Mazu Goddess of the Empty Sea Returns with Theme Camp and Mutant Vehicle

This year, why leave your playa transport in the lap of the gods when you could travel in the hand of Buddha by hopping on board Zulai, the new art car by the Mazu art crew?

The Mazu crew are a group of Taiwanese volunteers from a culture and art foundation in Taiwan called the Dream Community.

The foundation’s mission is to bring arts, culture, innovation and sustainability to smaller villages in Taiwan, which have less access to art and culture. It promotes participation and creativity through innovative, culturally enriching art.

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An artist’s impression of the Zulai art car

In 2015, they collaborated with a US art crew, the Department of Public Arts, to build the Mazu Goddess of the Empty Sea Temple at Burning Man.

To observers, the temple was a stunning work framed by the sea of Black Rock City. But for the crew, the Mazu project was more than just a piece of art; it was a cultural exchange.

It brought together artists, craftspeople, designers, builders, engineers (and at least one poet) from around the world, and it brought a taste of Taiwan to the playa.

You may recall the power of the art they created: whether you heard the Mazu story from the volunteers as they finished this incredible temple; or witnessed the beautiful burn; or glimpsed the remaining steel structure holding a perfect, naked lotus to the sky.

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The Buddha fingers are made from bamboo (Photo by Bing Hsuan Wu)

In 2016, Mazu is focusing on the Zulai art car and a Theme Camp called MAZU. The art car is a giant hand woven from bamboo strips with a big Buddha sculpture at one end. It is intended to give a feeling of calmness and security, and it will be lit at night.

The MAZU camp, which is at 8:00 and Guild, will have installations, games, souvenirs, and a dome in which guests can sit and relax.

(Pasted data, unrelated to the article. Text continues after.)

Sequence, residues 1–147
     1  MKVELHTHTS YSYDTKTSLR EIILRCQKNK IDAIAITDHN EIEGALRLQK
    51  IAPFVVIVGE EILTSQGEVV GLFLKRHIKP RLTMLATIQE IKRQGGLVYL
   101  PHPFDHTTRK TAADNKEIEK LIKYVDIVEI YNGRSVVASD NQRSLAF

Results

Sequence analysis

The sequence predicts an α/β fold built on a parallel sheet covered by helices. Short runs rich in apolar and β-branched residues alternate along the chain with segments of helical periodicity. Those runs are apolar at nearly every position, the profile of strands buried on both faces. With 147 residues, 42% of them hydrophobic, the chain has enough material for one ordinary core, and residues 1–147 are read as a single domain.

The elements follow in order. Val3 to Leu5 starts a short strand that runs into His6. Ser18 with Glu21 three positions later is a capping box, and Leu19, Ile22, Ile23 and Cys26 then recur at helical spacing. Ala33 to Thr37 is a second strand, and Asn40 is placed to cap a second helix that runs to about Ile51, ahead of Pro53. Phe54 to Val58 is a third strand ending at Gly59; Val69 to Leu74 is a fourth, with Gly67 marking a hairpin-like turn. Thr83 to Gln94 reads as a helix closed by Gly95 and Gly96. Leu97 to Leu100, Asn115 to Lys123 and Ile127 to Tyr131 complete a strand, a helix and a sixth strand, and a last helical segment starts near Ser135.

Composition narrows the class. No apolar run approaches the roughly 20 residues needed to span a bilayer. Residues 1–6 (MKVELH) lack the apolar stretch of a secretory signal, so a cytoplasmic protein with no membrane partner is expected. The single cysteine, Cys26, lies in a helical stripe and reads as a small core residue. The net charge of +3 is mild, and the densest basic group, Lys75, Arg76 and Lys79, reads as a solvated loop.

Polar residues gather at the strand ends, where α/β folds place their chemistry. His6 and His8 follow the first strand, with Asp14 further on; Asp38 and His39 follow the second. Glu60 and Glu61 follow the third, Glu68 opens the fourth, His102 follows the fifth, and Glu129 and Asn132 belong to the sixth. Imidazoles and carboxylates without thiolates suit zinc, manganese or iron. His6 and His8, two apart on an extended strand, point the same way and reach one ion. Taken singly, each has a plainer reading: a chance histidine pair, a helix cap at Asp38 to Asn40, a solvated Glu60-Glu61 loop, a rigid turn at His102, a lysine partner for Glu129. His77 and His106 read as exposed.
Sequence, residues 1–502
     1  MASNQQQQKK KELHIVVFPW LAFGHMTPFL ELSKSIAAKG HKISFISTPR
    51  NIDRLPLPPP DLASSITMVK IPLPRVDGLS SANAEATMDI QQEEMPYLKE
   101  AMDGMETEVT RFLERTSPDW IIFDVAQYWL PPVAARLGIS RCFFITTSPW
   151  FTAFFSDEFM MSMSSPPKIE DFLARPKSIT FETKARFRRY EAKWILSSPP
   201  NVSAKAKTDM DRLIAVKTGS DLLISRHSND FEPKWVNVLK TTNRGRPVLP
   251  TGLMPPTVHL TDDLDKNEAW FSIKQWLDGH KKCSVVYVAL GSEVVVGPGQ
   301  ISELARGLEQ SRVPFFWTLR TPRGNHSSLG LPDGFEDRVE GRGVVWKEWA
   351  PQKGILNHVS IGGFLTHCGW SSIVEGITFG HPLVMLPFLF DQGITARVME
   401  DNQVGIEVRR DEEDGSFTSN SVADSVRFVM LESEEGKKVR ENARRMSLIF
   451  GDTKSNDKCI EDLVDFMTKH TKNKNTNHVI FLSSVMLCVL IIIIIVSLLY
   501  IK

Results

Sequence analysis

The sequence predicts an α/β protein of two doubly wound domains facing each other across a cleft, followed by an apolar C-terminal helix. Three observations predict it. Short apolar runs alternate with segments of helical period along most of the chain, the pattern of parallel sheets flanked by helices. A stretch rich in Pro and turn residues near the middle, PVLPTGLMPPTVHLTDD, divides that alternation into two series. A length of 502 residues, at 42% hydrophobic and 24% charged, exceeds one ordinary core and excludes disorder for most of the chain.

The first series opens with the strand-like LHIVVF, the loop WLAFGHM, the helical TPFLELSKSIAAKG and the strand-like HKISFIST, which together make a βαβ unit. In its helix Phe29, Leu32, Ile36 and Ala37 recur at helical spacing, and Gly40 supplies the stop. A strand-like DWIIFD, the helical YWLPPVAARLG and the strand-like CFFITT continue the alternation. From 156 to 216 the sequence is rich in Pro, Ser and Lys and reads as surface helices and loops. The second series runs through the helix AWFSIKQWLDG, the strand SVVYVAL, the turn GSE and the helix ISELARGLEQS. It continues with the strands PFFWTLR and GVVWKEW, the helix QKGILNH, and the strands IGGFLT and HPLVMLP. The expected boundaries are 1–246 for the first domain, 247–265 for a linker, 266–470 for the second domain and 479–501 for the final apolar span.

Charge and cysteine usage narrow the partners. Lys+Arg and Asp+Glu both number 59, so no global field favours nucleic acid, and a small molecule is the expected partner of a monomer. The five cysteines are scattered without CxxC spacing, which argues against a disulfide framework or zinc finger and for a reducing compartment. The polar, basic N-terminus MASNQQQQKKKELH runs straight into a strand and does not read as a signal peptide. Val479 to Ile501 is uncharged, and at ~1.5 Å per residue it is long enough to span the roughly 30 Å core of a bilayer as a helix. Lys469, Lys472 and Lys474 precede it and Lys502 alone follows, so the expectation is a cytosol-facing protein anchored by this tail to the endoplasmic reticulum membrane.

I recently stopped by the crew’s Open House at Artech, a new makerspace in Reno. Everyone was working hard, making incredible music that was a mix of new age, dub and Buddha flow, and working on technical issues.

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The crew work on Zulai in Artech, a Reno makerspace, (Photo by Bing Hsuan Wu)

What is lovelier? The art? Or the enthusiasm of the crew as they once again bring some Eastern culture to the playa, and then return to Taiwan with their impressions of art and the influence of Burning Man?

During my visit, I met Dream Community US director Inch Ho and crew members, Artor and Peggy Su. Inch works with the Dream Community’s Taiwan Director, Gordon Tsai, who is based in Shijr City, Taiwan. International artists are invited to participate in residencies there several times a year.

Inch helps to bring their vision to life in Taiwan by coordinating resources for art, parades and other culturally enriching events.

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Peggy Su with Mazu (Photo by AngelBe)

Artor explained how Mazu is protected by nine dragons. The ninth dragon is the most beautiful one and is situated in the Dream Community in Taipei, Taiwan. The nine dragons are the sons of the Dragon King of the East Sea, and each of the nine dragons has a different character and super power. They work closely with Mazu to protect the seafarers.

Peggy Su was the first volunteer that the Dream Community recruited to work full-time on its art car. She left her home in New York six months ago to dedicate herself to the project.


Want to celebrate and honor Mazu? Come by Mazu’s Theme Camp at 8:00 and Guild around 3pm on Wednesday August 31 or Friday September 2. Mazu Camp will have costumes and props for you to borrow. Join Mazu, a DJ and Samba band for a celebratory parade. (Subject to change without notice.)

Top photo by Wobsarazzi